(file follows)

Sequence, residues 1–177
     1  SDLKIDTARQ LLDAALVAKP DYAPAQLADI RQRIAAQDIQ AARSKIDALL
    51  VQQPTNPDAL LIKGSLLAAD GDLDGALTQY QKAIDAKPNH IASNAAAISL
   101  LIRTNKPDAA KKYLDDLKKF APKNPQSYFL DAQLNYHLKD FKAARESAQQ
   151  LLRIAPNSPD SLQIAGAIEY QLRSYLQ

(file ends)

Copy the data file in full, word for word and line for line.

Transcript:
Sequence, residues 1–177
     1  SDLKIDTARQ LLDAALVAKP DYAPAQLADI RQRIAAQDIQ AARSKIDALL
    51  VQQPTNPDAL LIKGSLLAAD GDLDGALTQY QKAIDAKPNH IASNAAAISL
   101  LIRTNKPDAA KKYLDDLKKF APKNPQSYFL DAQLNYHLKD FKAARESAQQ
   151  LLRIAPNSPD SLQIAGAIEY QLRSYLQ